The Mindís Eye (2016)
Studio: Image Entertainment and RLJ Entertainment
Release date: October 4th, 2016
Reviewed by: Brett Gallman (@brettgallman)
Note: here's my first review of The Mind's Eye, originally published in August.
If you stick with the horror genre long enough, a cool side effect occurs: at a certain point, folks from your generation who were weaned on the same junk as yourself find their way behind writing desks and cameras, perfectly positioned to deliver more of the same schlock. Obviously, this is not a criticism, as the past few years have yielded a bounty of movies that feel like they were produced exclusively for me. One of my favorite filmmakers to emerge during this time is Joe Begos, a cinematic jack-of-all-trades from New England responsible for a couple of scrappy DIY efforts in Almost Human and The Mindís Eye.
Thereís a certain dangerous temptation in leaning on nostalgia for the sort of homage in which Begos engages, but he avoids it by not over-indulging: if anything the nostalgia acts as grace notes, and these films arenít pure homage so much as theyíre affectionately-made extensions, so to speak. Begos isnít trying to completely recreate Carpenter or Cronenberg; rather, it feels like heís imagining an alternate reality where he was asked to play in their sandbox for loosely-related ďsequels.Ē
So just as Almost Human feels like The Thing transported to 90s suburbia, The Mindís Eye imagines what it may have been like had someone made a serious stab at a Scanners follow-up (I mean, I like the actual sequels, but no one would accuse them of being serious). Also set in the 90s, it imagines a world not unlike the one in Cronenbergís brain-popping splatter-piece: telekinetics live among us, though many of them have been herded into government programs. Thatís where Zach Connors (Graham Skipper) finds himself alongside his girlfriend (Lauren Ashley Carter), and the two are subjected to months of experiments at the behest of mad doctor Michael Slovak (John Speredakos) before they eventually stage a jail-break of sorts.
And itís at this point this motherfucker just moves. Breathlessly charging from one action-packed set-piece to the next, The Mindís Eye has a single-minded devotion to bone-shattering, head-smashing, squib-blasting carnage. As producer-editor Josh Ethier put it, this is the result of a ďcouple of assholes going to New England to make a Cannon movie,Ē and itís an unqualified success on that front. I love the scuzzy, gritty, low-budget energy thatís packed into every brawl, stunt, and gore effectóyou donít need any behind-the-scenes confirmation to know that this is a lovingly crafted exercise in practical effects. Thereís an appreciable physicality to it all: say what you want about the filmís skimpy plot and its melodramatic character interactions, but itís all in the service of making a big, audacious splatter show right there on camera.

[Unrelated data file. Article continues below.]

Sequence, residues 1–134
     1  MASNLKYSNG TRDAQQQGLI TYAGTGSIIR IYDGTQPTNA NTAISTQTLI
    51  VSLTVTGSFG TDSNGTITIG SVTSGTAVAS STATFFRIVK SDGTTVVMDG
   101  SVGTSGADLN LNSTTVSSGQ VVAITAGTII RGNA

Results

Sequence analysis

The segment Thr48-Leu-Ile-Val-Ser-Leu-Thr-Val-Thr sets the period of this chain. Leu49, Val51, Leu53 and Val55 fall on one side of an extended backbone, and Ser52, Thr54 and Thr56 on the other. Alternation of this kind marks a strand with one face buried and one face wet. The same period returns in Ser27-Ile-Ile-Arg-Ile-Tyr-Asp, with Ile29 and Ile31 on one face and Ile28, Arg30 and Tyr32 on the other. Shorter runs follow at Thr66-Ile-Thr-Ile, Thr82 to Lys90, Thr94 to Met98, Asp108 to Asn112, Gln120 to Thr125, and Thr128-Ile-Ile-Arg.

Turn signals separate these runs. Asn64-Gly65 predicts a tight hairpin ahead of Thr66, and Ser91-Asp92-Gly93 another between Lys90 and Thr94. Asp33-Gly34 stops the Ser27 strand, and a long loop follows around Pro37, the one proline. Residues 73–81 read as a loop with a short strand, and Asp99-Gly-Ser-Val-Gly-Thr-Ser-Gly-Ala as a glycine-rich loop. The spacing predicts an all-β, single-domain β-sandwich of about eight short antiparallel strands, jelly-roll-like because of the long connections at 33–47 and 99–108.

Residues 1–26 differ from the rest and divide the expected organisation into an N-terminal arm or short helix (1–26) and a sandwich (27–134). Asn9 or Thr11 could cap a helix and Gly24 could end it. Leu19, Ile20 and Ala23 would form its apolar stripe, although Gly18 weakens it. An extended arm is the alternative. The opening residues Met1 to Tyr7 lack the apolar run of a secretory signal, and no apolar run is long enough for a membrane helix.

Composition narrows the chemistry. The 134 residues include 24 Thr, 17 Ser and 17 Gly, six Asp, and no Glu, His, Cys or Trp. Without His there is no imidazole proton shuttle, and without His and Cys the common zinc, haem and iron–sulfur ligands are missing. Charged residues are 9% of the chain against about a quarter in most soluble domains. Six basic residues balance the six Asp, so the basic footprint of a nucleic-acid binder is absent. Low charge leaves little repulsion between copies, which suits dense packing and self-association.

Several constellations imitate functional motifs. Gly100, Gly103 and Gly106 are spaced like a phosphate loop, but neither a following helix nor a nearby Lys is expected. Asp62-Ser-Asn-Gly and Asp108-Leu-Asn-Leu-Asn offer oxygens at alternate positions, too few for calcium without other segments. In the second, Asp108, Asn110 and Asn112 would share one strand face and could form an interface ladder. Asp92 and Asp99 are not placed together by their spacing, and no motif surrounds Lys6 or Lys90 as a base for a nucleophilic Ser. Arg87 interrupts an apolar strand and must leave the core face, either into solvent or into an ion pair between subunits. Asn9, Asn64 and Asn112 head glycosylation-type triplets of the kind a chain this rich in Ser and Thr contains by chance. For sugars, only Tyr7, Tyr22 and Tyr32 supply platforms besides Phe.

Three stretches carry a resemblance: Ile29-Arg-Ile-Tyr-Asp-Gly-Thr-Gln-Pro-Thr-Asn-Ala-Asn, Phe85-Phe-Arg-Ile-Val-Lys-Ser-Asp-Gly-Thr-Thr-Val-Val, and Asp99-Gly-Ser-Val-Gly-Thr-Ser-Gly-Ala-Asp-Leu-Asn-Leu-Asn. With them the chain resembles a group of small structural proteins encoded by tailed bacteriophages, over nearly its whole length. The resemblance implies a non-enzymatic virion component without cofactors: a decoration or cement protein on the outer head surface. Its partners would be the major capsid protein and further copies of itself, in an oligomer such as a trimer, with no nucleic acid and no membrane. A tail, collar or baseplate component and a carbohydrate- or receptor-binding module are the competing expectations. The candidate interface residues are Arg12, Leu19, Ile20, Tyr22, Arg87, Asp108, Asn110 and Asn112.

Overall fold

It often comes off as gushing, hyperbolic praise to proclaim a movie feels like some long-lost dispatch from a bygone era, but Begosís output genuinely fits the bill. Right down to its evocative, kick-ass promotional material, itís meant to fondly recall those days when youíd rent a movie just because you heard it featured an exploding head. Some might argue that itís hardly a lofty goal to enjoy what Begos describes as ďthe type of movie I would have loved as a fifteen-year-old.Ē With all due respect, fuck thatóthereís a value in cinematic comfort food, especially when itís been prepared with a genuine, palpable care. This doesnít mean The Mindís Eye panders (itís too busy snapping necks and splitting faces to do that); instead, itís the logical result of VHS brats having a stab at making the movie of their karo syrup-flavored dreams. These are my kind of people.
The scrappy, rambunctious energy of The Mindís Eye is evident in every frame of the film itself, but Image Entertainmentís DVD release reveals just how infectious this vibe is thanks to ďA Look Inside The Mindís Eye,Ē a 30-minute behind-the-scenes supplement featuring most of the cast and crew. Itís a rather intimate look at this lo-fi production, as it mixes in interview material with on-set production footage to drive home the labor of love nature of this work.
Thereís an obvious affection not only for the source material but also for the process of banding together in the frigid New England wilderness to somehow scrap together an ambitious vision on a shoestring budget. An obvious familial bond forms out of this, so you truly buy into the fond recollections hereóeven when it felt like 40 below outside, thereís genuine triumph in pulling off an awesome car stunt. Despite the relatively short runtime, this feature adequately conveys the crewís desire to have as much fun as possible when crafting a killer splatter movie.
If that werenít enough, Begos appears on a solo commentary and a producerís commentary alongside Ethier, Skipper, and Zak Zeman. Promotional material includes a trailer and a poster gallery, the latter of which providing the opportunity to imagine how rad it would have been to see this artwork plastered on an old Wizard big box two decades ago. What's more, The Mind's Eye would have absolutely lived up to its billing. Movies boasting multiple exploding heads tend to do that. comments powered by Disqus Ratings:
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